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UNIX Commands, Directories, and Processes Assignment

Standard Directories and Files

 In a separate file (use a text editor) cut and paste the commands that you typed (including the prompt) and the complete output of these commands. (show output screenshots also)

Note: The output of the commands should not contain more than six lines.

Please get these 3 files in this assignment which is down below:

  1. doc/txt file that cover parts A to E
  2. fullname_zombie.c
  3. snapshot of top command that shows the zombie process

A. Standard Directories and Files

Directory: contains the names of files and/or sub-directories. Standard directories contain some special files.

Root Directory (/)

The root directory is the top of the file system. It is the master cabinet that contains all folders and files.

  1. Get a listing of your root directory. ( use, cd and ls –l)


The binary directory: contains executable files and most Unix commands.

  1. Go to /bin directory. (use cd /bin)
  2. List its contents.
  3. List 6 commands that you recognize.


Device directory.

  1. Get a listing of the device directory. Do you recognize any device?


Contains commands and files for system administration. Usually a user is not allowed to change these files.

  1. Go to /etc directory.
  2. Do a long listing; Mention a few files that you have already heard about.
  3. What is the most used permission? What does it mean? (read about permissions in Unix Handout)
  4. Using cat, check the passwd file or similar; look for yourself in the file.


Contains a collection of related files for a given language in a single file called an archive.


Contains temporary files.


Contains one line for every user on the system and describes that user.

B. Determine the absolute pathname for your home directory

10. Type:

       echo $HOME

11. Type:


C. Shell(s) and Shell Environment variables

  1. Check your default shell using: echo $SHELL
  2. Use the chsh command and find a list of available shells.
  3. Change the current shell to a tcsh .
  4. Check your new shell. The change will not be listed until the next login.
  5. Use the ps (process status – gives a lists of running processes). What do you observe?

Shell Environment variables

Bourne, Korn shell C shell

CDPATH                    cdpath                                 alias names for directories accessed with cd

ENV                                                                       path along which Unix looks to find config. files

PS1                            prompt                                 shell prompt that appears in the command line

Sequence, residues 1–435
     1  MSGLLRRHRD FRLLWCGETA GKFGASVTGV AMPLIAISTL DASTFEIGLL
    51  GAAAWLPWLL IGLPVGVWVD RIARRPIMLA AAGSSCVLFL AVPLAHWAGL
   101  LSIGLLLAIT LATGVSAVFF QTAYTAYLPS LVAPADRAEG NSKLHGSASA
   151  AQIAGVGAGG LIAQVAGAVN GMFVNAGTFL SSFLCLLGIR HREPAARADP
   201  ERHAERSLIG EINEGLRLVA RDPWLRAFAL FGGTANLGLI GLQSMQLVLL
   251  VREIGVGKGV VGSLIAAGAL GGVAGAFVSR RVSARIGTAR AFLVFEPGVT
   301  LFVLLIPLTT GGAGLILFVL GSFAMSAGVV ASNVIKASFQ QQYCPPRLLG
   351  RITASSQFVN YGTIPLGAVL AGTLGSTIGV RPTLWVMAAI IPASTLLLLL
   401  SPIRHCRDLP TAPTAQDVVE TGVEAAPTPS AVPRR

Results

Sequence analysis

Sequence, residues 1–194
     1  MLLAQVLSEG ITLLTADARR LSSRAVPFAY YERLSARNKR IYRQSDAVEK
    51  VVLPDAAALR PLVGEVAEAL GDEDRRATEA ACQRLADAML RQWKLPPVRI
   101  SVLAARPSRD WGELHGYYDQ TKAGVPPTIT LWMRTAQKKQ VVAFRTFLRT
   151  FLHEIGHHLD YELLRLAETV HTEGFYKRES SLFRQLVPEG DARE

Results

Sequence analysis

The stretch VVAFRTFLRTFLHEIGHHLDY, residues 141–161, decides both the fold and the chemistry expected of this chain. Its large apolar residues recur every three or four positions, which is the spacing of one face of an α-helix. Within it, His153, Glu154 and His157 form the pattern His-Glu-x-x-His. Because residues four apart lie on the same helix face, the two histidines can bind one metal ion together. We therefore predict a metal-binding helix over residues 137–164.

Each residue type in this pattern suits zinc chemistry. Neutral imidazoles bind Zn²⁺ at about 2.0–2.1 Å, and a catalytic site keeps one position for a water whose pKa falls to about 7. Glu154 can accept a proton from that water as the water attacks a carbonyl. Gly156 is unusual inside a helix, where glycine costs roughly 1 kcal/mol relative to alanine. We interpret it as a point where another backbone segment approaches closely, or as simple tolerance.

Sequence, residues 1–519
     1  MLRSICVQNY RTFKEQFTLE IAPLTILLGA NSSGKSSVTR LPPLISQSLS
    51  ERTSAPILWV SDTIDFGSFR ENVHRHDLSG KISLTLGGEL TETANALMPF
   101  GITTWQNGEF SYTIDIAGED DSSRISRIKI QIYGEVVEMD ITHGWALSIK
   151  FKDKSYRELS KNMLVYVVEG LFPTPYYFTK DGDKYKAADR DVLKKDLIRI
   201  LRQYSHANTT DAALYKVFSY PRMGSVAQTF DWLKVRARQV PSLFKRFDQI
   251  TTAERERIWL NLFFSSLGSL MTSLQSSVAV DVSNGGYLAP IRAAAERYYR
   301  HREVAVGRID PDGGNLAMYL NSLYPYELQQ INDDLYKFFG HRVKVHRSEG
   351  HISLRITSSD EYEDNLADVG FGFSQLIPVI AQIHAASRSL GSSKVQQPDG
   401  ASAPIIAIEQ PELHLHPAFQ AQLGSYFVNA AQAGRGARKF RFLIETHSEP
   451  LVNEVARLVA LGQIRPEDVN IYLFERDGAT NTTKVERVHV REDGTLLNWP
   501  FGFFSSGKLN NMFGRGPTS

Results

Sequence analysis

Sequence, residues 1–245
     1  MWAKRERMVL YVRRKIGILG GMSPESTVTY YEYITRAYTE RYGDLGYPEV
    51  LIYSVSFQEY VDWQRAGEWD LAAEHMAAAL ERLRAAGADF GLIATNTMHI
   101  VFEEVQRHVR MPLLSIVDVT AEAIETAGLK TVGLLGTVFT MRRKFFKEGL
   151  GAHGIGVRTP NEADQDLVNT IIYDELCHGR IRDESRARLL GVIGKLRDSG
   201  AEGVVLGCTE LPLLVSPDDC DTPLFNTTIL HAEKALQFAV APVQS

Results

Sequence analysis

PWD                          cwd                                     name of current directory

HOME                       home                                  the name of the user’s home directory when the user logs

TERM                                                                   type of console terminal being used

D. Processes

Check the Unix Handout and go over the section about Processes -section 17.

The action of each shell, the mechanism of how it executes commands and programs, how it handles the command and program I/O and how it is programmed, are affected by the settings of certain environment variables.

  1. Learn about the ps command using man (type man ps)
  2. Give a list of possible states together with their significance. Identify your login shell.
  3. Type ps –l and explain the significance of: F, S, UID, PID, PPID, C, PRI, NI, ADDR, SZ, WCHAN, TTY, TIME, CMD fields.
  4. Use the top command to monitor the CPU activity in real time. It displays the status of the first 15 of the most CPU-intensive task on the system as well as the CPU activity. To stop the execution of top enter <ctrl-C>.
  5. Give the total number of tasks, number of running processes, sleeping processes, stopped processes and zombies.
  6. Identify the shell process. Use the “regular” kill command to terminate the shell.
  7. Use the “sure kill” command to terminate the shell. Explain.

Part E

  1. Use Internet sources and give an overview of the command that is used in Windows for creating a process.
  1. In a Unix environment, execute parent.c, child.c and orphan.c as follows:

Note: upload first the 3 files in your venus home directory.

child and parent:

- compile the child and parent:

gcc parent.c –o parent

gcc child.c –o child

- run the parent in the current directory (the parent after the fork will call the child)

Don’t worry about warning messages.



- compile and run the orphan:

gcc orphan.c –o orphan


Observe and understand the programs’ execution output.

Extensively comment the output of the programs by relating the theory discussed in class, the meaning of the covered commands and the program listings.

  1. Write a very simple program that will show the possibility of having zombie processes.

Write a program named zombie.c

The main process will create a child.

The child prints something like: “I am the child with pid ….. and my parent has ppid ….”

Next, the child will sleep for 1 second.

Child exits.

The parent will print: I am the parent and my id is… Next, the parent sleeps for 30 seconds. Since the child ends first, and the parent didn’t do wait( ), the child will be for a while in the zombie state. Run the parent in the background, so you can use the top command and identify the zombie, before the parent terminates.

Note: even if the parent terminates, the child is still a zombie. However the the init process reaps the zombies frequently.

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